Beyond FANFARE: Nobel Laureates Offer Hope for Brighter Future
I was most intrigued by two international Nobel Laureates, Turkish novelist Orhan Pamuk and innovative banker to the poor in India, Muhammad Yunus. I’d read about Pamuk and how he’d been criticized in his own country:
“In his home country, Pamuk has a reputation as a social commentator even though he sees himself as principally a fiction writer with no political agenda. He was the first author in the Muslim world to publicly condemn the fatwa against Salman Rushdie. He took a stand for his Turkish colleague Yaşar Kemal when Kemal was put on trial in 1995. Pamuk himself was charged after having mentioned, in a Swiss newspaper, that 30,000 Kurds and one million Armenians were killed in Turkey. The charge aroused widespread international protest. It has subsequently been dropped.” (Nobelprize.org bio)
According to a recent Associated Press article, “Academy head Horace Engdahl said Pamuk’s political situation in Turkey had not affected the decision. He said Pamuk was selected because he had ‘enlarged the roots of the contemporary novel’ through his links to both Western and Eastern culture. ‘This means that he has stolen the novel, one can say, from us Westerners and has transformed it to something different from what we have ever seen before.’” As the Nobel Foundation put it: “In the quest for the melancholic soul of his native city” of Istanbul, Pamuk “has discovered new symbols for the clash and interlacing of cultures.”
While Pamuk draws attention to the challenges facing our world as Western and Eastern cultures continue to collide, Muhammad Yunus offers a simple but empowering way to help the poor in his native India through the Grameen Bank he founded: micro-credit. Through micro-credit, poor people are given small loans and are asked to pay back those loans as they are able.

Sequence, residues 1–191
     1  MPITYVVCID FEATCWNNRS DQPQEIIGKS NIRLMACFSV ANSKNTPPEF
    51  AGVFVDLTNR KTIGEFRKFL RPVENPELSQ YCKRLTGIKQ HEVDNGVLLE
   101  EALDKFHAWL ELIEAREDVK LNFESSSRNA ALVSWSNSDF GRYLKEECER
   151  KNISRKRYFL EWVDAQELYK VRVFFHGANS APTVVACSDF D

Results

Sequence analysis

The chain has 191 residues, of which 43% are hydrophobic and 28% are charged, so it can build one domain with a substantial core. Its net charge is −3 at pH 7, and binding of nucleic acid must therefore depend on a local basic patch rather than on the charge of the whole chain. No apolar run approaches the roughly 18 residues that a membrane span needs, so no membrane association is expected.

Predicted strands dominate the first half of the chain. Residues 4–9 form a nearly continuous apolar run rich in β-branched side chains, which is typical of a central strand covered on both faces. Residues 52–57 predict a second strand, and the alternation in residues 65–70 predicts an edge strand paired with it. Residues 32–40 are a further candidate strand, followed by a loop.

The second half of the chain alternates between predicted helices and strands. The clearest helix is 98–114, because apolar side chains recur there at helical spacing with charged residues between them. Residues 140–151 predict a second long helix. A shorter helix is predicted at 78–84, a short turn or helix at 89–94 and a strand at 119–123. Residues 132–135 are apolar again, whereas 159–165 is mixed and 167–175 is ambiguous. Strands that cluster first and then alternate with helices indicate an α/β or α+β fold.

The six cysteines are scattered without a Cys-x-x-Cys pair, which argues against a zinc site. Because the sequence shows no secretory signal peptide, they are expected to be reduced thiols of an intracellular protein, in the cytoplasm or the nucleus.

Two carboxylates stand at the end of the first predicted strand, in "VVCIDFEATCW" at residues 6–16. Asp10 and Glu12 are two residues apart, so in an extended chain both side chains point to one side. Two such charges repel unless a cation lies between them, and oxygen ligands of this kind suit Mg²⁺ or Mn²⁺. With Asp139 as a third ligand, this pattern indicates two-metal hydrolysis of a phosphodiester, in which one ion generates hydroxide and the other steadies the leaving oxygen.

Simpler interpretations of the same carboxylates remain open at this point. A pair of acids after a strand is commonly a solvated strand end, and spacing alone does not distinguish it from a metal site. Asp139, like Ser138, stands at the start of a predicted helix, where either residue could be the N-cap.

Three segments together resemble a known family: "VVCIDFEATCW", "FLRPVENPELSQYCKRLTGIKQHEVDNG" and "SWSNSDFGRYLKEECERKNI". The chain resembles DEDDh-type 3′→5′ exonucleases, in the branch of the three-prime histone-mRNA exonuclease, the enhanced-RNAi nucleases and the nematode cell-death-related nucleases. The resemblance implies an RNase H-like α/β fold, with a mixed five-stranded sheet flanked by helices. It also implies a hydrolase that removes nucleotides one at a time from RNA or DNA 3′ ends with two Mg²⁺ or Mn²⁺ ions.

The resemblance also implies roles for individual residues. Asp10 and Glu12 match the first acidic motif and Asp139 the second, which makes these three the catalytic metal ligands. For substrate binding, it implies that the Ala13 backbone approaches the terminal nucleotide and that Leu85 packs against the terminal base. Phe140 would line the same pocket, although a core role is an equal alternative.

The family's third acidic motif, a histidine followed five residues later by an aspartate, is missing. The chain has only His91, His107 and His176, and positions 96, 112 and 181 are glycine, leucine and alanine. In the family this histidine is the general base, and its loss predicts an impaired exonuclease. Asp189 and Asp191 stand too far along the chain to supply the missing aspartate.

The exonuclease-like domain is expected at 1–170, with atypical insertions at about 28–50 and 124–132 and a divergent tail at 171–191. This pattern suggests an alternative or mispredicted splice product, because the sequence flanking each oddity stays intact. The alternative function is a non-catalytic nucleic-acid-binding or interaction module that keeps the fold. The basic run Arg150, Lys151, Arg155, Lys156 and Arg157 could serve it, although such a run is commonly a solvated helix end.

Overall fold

According to another recent AP article: “Anyone can qualify for a loan—the average is about $200—but recipients are put in groups of five. Once two members of the group have borrowed money, the other three must wait for the funds to be repaid before they get a loan.” According to the Grameen Bank, “the method encourages social responsibility. The results are hard to argue with—the bank says it has a 99 percent repayment rate. Since Yunus gave out his first loans in 1974, micro-credit schemes have spread throughout the developing world and are now considered a key to alleviating poverty and spurring development.”
As the Nobel Foundation put it: “Lasting peace can not be achieved unless large population groups find ways in which to break out of poverty. Micro-credit is one such means. Development from below also serves to advance democracy and human rights” especially among poor women.
On the wall of our study is a rendering of a human figure by my good friend, teacher and artist (and illustrator of my book’s cover) Michele Holcombe Pisetzner. The figure is composed of words from Dr. Martin Luther King, Jr.’s Nobel Lecture in December 1964: “There is nothing new about poverty. What is new, however, is that we have the resources to get rid of it…. Today, therefore, the question on the agenda must read, why should there be hunger and privation in any land, in any city, at any table…?”
Thanks to the efforts of pioneers like Muhammad Yunus, the poor of India and many other countries now have a fighting chance as they struggle to establish small businesses and feed and clothe their families. Meanwhile, thanks to the outspoken bravery of people like writer Orhan Pamuk, governments are being forced to acknowledge mass killings that never should have happened. The deaths of innocents mar the histories of so many countries, including our own. Only through reconciliation and positive change can we hope to achieve a more prosperous and peaceful future. Thanks to all Nobel Laureates, past and present, for helping us find our way.
Photo of Muhammad Yunus © P. Rahman/Scanpix